DHSI 2015 offerings include the below. Thanks to overwhelming response from our community and the generous sponsorship of our partners, we'll have a number of additional courses on offer this coming year and, overall, smaller class sizes to facilitate better our learning together! As well, following DHSIers' suggestions, there is also the opportunity to take more than one course, by having several fabulous DHSI offerings during the weeks just before (1-5 June) and after (15-19 June) DHSI's core week of 8-12 June.
Fees for this year's DHSI are available here.
We're very pleased that academic accreditation for DHSI courses is available, for those who wish it, through the Graduate Certificate in Digital Humanities program. Details of the program are now available in U Victoria’s 2014/2015 academic calendar, with registration anticipated to begin in September 2014 for a May 2015 start. An announcement of the program is available here, and pre-registration for the program via this link.
- A DHSI course runs daily for the duration of a week, so only one course can be taken during a given week.
- Foundations offerings at DHSI are foundational in nature, requiring little by way of prerequisite save that those enrolled should have a basic knowledge of computing tools and methods. Other courses, formerly offered under the heading "Tools, Methods, Approaches," are aimed at those who have completed the relevant foundations course(s) at the DHSI or otherwise have similar foundational experience with digital humanities tools, methods, and approaches; note that some offerings have specific requisite skills and/or expectations and, in such cases, these are outlined in course description.
- If you are unsure of which course would be best suited to your strengths and interests, please contact the DHSI coordinator.
- In order to be eligible for a tuition scholarship, you must complete the scholarship application and receive your acceptance before registering for a course. (We regret that we are unable to offer tuition reimbursements to participants who register before receiving the results of their scholarship application.)
- Within and outside of the new Graduate Certificate in DH, DHSI courses can be taken for UVic academic credit (and, at times, transferrable academic credit) via a number of courses, including DHUM 491 (use this form to register), ENGL 509 (arranged via UVic English), and others.
1-5 June 2015 (Plus DHUM 501 sections)
[Foundations] Digitisation Fundamentals and their Application
Robin Davies and Michael Nixon [Please click for course details.]
For those new to the digitization field, this offering conveys skills necessary to bring real-world objects -- text, image, sound, video -- into a digital space, and then employ digital tools to further explore and strengthen those objects. Participants are encouraged to incorporate their own interests and materials into the workshops and lab activities of the course, and will build a personalized online document to house their newly digitized media. Assuming only basic computing competency, a hands-on format will quickly introduce participants to digitization project planning and management, data storage requirements, archival standards, and best practices in digitization and distribution.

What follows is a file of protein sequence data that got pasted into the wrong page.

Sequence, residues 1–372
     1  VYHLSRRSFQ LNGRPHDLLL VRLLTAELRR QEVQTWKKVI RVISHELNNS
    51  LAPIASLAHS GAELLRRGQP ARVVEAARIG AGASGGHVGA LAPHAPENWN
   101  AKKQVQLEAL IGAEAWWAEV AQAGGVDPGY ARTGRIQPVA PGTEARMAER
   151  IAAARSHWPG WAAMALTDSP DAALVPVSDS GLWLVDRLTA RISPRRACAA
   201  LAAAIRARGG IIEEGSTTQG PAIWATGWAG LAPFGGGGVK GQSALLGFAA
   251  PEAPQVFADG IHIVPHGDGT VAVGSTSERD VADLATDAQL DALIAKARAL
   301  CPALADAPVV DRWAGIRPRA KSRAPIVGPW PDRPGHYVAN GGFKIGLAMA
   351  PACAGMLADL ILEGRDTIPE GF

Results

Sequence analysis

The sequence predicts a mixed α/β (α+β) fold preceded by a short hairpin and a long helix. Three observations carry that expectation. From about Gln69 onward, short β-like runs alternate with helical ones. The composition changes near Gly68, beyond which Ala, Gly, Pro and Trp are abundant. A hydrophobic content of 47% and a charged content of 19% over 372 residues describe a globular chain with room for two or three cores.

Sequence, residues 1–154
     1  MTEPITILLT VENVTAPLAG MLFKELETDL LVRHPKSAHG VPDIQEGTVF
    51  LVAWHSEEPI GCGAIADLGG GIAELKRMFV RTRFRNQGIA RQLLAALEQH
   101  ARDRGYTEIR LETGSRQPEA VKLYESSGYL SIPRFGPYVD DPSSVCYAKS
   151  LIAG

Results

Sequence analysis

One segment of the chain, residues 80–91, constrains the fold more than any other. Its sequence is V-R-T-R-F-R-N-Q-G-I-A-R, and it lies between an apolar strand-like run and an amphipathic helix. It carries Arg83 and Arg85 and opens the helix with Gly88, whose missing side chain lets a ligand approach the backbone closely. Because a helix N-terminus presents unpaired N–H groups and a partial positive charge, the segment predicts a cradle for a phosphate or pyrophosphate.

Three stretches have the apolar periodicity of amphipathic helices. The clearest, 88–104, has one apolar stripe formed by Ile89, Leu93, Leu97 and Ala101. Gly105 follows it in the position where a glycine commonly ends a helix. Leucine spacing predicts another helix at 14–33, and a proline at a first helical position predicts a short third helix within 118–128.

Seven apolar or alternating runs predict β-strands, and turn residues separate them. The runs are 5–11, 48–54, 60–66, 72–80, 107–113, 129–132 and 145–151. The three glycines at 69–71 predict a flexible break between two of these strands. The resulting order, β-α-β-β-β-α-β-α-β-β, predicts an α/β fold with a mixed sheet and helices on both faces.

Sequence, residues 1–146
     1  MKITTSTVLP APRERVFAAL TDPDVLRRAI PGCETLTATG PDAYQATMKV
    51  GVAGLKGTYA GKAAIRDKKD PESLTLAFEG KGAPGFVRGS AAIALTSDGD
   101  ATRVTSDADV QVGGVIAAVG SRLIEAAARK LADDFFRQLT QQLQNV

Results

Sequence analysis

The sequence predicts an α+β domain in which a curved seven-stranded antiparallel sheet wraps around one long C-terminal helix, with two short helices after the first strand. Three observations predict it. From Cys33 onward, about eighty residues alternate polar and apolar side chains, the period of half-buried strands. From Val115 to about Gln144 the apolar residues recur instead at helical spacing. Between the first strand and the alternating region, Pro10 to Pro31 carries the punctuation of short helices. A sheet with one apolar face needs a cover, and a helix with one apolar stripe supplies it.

[Foundations] Scholarscapes, Augmented Dissemination via Digital Methods
James O'Sullivan and Orla Murphy [Please click for course details.]
“Scholarscapes” introduces participants to augmented modes of dissemination via various digital tools and platforms. Fundamental aspects, both theoretical and practical, will be covered, providing individuals with a greater sense of what tools are available for the dissemination of scholarship and how these tools might best be utilised. Participants will be introduced to everyday tools like Twitter, but they will also be shown how to utilise Content Management Systems and server architecture in the dissemination of their research. Digital dissemination's fundamental underlying technologies, such as HTML, will be introduced. Furthermore, a range of philosophical questions in relation to digital dissemination will be addressed. As this is an introductory offering, no prior knowledge of Web-based dissemination tools or strategies is required. Participants will be encouraged to engage with both the practical aspects of dissemination using various digital methods, as well as the theoretical and scholarly repercussions of such activity.
Consider this offering in complement with, and to be built on by: Crowdsourcing as a Tool for Research and Public Engagement; Creating LAMP Infrastructure for Digital Humanities Projects; Visualizing Information: Where Data Meets Design; Pragmatic Publishing Workflows; and more!
[Foundations] Models for DH at Liberal Arts Colleges (& 4 Yr Institutions)
Janet Simons and Angel Nieves [Please click for course details.]
This course will explore models for doing DH at four year institutions. Over the past half-decade liberal arts colleges and four-year institutions have begun to engage in the development of robust programs in the digital humanities. With a focus on teaching, these institutions have also developed frameworks in which we can incorporate students into our research agendas in meaningful and productive ways. Within a collaborative, interdisciplinary lens we will address approaches to teaching and research, developing models for sustainable infrastructure, student integration, project and resource management. Discussion will include administrative issues related to the recognition of collaborative efforts in DH. Participation is encouraged from across all areas of the institution including library and IT professionals, administrators, and faculty. Individuals who are interested in growing digital humanities and digital scholarship in their unique institutional settings should attend. Guest lectures will be included as part of the course structure.